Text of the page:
Nathan Holley
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Nathan Holley

Band Rock Funk


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"KSG Review "The upper Lounge Affair""

From the tribal sounding percussion that kicks off "Holdin' Me Down" to the stripped down, acoustic closing tune "Believe," "The Upper Lounge Affair" is an ambitious effort by King Solomon's Grave.

"The Upper Lounge Affair" is filled with several gems. The album's standout track is the fearless "Holdin' Me Down." The song begins with lulling Santana-esque percussion before transcending to blazing guitar and drum work.

The problem arises when this song ends. "Holdin' Me Down" whets the listener's appetite for more innovative songs like it. One has to sift through more obvious tunes like "Sweet Urbana" before finding them.

"Building Walls," a track that pulls these two styles together, is another standout. Perfectly melding the party atmosphere texture with a poppy guitar riff, bouncing bass lines, a darker charging chorus and a guitar solo reminiscent of Pearl Jam.

Other highlights include "Watch What You're Doing," "You" and "10,000 Worlds." Nate Holley's vocals best complement the music on tracks like these. More edgy riffs and chord progressions are explored. When the band follows the ordinary trail of O.A.R.-inspired songs like "Whole Lotta Livin,'" the vocals grow tiresome.

Fans and the house party crowds will no doubt be pleased by "The Upper Lounge Affair," but King Solomon's grave should further explore the trails they started to blaze on "Holdin' Me Down" and "Building Walls."

-Mike Hart - The Daily Vidette

"KSG Review"

Review #1 - Chris Earnhart

King Solomon's Grave is a sometimes funky, sometimes sober college jam band. And their album "The Upper Lounge Affair" has become a staple in my CD player. The album has a good clean crisp sound, the band has talent, and though the sound has a very familiar feel, it is still good music.

I think the main reason that I have listened to the album so much is that it has a great variety. Ranging from songs that get me moving with catchy lyrics and upbeat music like "Whole Lotta Livin" and "Sweet Urbana" to sad, slower songs such as "10,000 Worlds," a song about a young slave girl whose father is hung on a tree that he planted for her when she was little. So it fits whatever my mood I may have.

Highlight: Whole Lotta Livin. It's a catchy non-pop tune, that gets me to sing along and move with the music. It's well-written musically and lyrically. This song really shows off all the great potential the band has to offer. I recommend it live.

Low point?: None. Solid Album. If you like a part, then you are bound to like the whole.

The lead vocals and guitar are full of talent. They definitely take center stage, so it's a good thing for the band that they are as great as they are. The only problem is that I think the rest of the band could really shine too, but they often seem to just back the lead vocal/lead guitar.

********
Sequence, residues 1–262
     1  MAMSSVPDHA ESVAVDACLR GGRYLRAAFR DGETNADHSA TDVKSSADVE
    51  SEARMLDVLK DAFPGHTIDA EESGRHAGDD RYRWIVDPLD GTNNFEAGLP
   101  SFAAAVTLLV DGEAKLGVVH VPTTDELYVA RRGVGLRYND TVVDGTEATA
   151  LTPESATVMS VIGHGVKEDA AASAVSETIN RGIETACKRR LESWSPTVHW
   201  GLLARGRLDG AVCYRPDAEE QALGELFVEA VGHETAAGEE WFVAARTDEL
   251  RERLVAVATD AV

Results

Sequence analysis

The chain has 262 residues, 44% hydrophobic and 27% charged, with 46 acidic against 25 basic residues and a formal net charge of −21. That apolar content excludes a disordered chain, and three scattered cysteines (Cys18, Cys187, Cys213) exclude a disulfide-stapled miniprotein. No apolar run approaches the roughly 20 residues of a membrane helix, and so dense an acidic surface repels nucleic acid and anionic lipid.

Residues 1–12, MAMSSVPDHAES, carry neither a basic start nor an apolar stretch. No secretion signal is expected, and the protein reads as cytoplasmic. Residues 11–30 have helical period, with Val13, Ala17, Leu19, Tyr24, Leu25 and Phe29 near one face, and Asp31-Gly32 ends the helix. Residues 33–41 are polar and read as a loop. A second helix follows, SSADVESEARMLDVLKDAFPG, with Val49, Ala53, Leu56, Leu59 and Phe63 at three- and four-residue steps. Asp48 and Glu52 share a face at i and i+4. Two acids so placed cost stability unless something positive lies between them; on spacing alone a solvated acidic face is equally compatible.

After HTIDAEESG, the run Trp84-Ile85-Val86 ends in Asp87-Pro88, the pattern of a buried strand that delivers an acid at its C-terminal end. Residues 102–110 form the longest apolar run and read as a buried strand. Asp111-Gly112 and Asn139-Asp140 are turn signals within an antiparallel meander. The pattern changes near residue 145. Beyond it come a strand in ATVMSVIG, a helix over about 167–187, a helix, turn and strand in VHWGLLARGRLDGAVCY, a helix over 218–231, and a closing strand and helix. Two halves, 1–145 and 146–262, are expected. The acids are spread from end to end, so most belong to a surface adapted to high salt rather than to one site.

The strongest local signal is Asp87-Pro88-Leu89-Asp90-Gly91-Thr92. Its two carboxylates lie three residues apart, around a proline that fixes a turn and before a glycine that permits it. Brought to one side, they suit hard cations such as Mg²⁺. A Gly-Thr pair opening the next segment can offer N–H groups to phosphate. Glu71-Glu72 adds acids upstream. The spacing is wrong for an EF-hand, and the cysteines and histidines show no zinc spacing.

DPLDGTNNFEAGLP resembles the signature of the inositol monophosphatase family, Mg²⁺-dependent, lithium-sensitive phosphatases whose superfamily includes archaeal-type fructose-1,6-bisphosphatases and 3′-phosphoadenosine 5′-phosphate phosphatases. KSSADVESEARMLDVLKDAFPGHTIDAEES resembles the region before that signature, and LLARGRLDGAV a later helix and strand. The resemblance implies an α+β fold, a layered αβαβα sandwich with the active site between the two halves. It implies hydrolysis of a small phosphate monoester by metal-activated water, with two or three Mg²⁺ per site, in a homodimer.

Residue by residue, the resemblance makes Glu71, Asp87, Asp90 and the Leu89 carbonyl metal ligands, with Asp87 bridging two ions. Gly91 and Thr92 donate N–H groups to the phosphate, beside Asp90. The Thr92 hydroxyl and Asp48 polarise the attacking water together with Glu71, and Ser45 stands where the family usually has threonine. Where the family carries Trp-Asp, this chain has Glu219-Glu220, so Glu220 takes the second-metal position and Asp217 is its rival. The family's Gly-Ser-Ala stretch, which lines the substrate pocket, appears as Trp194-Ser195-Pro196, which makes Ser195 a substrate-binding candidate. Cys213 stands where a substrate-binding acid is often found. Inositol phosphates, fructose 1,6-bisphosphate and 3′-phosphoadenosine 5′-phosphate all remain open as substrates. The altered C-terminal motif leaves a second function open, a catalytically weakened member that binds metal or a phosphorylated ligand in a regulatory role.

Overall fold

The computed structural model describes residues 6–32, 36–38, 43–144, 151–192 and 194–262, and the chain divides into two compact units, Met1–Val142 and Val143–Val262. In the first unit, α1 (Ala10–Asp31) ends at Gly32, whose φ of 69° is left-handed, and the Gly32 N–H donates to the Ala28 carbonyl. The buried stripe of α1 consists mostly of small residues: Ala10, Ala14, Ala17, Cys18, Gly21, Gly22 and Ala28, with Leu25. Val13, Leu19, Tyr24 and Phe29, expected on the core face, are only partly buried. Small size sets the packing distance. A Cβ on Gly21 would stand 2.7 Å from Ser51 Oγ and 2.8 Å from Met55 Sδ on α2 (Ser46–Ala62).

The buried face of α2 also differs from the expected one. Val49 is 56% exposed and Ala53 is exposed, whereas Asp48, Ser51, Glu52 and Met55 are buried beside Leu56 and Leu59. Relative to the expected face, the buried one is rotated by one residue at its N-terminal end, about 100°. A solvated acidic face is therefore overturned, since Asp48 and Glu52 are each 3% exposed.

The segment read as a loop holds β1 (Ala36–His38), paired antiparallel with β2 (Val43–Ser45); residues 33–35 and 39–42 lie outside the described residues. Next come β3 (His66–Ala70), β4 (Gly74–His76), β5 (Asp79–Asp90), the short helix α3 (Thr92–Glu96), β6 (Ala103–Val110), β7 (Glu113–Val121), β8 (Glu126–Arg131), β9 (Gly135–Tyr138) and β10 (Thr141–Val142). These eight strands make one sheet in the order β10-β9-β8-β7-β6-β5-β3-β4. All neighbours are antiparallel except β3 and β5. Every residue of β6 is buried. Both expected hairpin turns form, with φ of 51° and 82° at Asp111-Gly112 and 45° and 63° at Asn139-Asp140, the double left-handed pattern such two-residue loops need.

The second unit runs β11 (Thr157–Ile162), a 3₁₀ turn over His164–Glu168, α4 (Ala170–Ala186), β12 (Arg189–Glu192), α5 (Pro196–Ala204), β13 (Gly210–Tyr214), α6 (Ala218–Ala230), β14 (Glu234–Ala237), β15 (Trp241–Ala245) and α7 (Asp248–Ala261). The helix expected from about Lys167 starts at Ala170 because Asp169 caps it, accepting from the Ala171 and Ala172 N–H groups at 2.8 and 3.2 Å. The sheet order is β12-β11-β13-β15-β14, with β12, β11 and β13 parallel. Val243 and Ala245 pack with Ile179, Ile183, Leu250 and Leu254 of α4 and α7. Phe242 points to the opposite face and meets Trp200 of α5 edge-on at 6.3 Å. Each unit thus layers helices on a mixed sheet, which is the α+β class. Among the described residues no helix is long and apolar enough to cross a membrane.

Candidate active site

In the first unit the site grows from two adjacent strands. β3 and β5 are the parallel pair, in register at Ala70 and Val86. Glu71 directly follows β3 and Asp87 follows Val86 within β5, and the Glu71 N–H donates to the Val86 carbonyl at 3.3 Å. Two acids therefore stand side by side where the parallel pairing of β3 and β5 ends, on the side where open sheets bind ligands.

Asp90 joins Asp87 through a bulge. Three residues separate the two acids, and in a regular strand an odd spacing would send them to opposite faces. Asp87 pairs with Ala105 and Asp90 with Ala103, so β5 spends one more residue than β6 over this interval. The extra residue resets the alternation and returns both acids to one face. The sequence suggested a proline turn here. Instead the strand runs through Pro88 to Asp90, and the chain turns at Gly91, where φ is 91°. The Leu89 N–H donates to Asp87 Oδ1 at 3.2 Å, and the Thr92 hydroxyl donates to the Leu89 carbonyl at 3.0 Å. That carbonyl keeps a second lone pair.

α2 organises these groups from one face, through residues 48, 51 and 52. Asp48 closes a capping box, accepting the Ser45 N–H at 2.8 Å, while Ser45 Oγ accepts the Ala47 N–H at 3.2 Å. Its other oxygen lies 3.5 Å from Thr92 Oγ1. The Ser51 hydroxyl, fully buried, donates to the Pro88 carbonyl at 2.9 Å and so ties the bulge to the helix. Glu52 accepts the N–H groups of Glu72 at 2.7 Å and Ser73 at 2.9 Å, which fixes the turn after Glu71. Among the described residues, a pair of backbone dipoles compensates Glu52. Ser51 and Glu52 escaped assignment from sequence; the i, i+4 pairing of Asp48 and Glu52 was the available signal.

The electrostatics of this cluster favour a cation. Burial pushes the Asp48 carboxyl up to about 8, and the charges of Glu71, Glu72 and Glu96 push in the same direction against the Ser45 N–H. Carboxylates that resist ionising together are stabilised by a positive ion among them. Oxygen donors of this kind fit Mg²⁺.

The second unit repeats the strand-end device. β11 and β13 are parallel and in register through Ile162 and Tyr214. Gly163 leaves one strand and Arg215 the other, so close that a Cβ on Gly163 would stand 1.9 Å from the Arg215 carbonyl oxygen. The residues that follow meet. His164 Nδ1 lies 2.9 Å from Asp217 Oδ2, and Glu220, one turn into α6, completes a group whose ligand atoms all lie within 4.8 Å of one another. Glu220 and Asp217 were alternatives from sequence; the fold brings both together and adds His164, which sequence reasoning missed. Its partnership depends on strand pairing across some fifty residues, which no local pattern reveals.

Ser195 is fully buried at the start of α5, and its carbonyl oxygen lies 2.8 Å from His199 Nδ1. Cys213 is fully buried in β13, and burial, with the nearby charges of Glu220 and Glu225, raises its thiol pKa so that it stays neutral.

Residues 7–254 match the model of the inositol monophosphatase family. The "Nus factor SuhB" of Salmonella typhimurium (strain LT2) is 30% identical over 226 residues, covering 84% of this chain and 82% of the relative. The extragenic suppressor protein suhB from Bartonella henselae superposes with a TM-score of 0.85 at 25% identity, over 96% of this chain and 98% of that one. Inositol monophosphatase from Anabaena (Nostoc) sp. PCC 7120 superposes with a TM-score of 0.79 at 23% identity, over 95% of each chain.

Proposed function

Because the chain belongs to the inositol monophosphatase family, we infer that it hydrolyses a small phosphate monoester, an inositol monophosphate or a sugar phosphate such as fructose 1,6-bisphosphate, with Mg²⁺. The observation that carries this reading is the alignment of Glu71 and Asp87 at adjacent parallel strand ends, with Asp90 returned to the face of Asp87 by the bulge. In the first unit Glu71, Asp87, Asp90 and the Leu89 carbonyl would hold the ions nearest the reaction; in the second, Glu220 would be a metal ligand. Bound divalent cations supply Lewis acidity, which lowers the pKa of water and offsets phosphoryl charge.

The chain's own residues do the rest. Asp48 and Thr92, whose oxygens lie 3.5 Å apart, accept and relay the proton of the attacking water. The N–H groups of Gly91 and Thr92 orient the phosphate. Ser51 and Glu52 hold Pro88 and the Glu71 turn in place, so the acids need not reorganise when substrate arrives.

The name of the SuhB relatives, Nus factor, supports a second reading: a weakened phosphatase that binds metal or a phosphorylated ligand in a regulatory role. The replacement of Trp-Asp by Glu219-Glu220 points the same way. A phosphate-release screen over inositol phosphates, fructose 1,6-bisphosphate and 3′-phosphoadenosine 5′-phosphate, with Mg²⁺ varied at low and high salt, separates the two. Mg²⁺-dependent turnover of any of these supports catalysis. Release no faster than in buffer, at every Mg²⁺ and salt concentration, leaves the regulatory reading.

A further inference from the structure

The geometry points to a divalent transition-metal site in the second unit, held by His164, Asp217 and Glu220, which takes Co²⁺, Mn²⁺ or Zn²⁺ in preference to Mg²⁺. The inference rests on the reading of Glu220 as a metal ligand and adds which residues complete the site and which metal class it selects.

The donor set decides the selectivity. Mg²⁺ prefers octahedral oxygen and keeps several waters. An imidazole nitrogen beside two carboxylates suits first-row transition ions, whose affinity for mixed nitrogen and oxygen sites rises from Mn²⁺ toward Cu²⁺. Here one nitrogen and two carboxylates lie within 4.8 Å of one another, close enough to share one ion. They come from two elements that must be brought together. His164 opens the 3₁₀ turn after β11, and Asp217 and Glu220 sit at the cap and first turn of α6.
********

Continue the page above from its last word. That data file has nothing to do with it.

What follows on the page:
So, the overall sound is very pleasing indeed and doesn't get boring. A sound like that needs the participation of the entire band, and they do participate. I would recommend this band to anyone who doesn't have anything against college jam bands really. I say this because the people I know who don't like them just aren't fans of jam bands.

Just don't that because I say that, that KSG is old-news, or "I've heard this one before" rock. They really have talent, and a good, unique sound with a familiar style. Check them out at their site, Have a good one!


King Solomon's Grave: Keep the Change, Upper Lounge Affair.
Nathan Holley: Leap of Faith
Nathan's cd appears at and


Feeling a bit camera shy


With the heavy mass of bands tying to make a niche for themselves, KSG set out to achieve the goal of combining fresh new sounds with the age old hook and ear catching lyrics. Led by Nathan Holley, the band continues to follow in the footsteps of their influences, such as Jack Johnson, Red Hot Chili Peppers, and Ben Harper. Nathan's voice sparkles on every track, with his searing guitar work adding to the musical fire. Bassist Josh Mills is in a league of his own, popping, slapping, and picking his way to bass stardom. Drummer Ethan Deppe takes his years of technical training and applies it to make KSG one smooth running machine. Through relentless touring and constant dedication to improving themselves as a unit and not individuals have they come so far. KSG's sound lends itself to many different genres. They have shared the stage with the likes of Better than Ezra, Seven Mary Three, Cowboy Mouth, Slightly Stoopid, Michael Glabicki of Rusted Root, George Lynch from Dokken, Virginia Coalition, and O.A.R. to name a few. Nathan has been spotted playing acoustic at shows with Bon Jovi, Goo Goo Dolls, Ja-Rule, Ciara, Jo-Jo, Umphrey's McGee, and many more. Intricate live shows, dedication to touring, and the need to satisfy our musical hunger creates the mold for what they can achieve.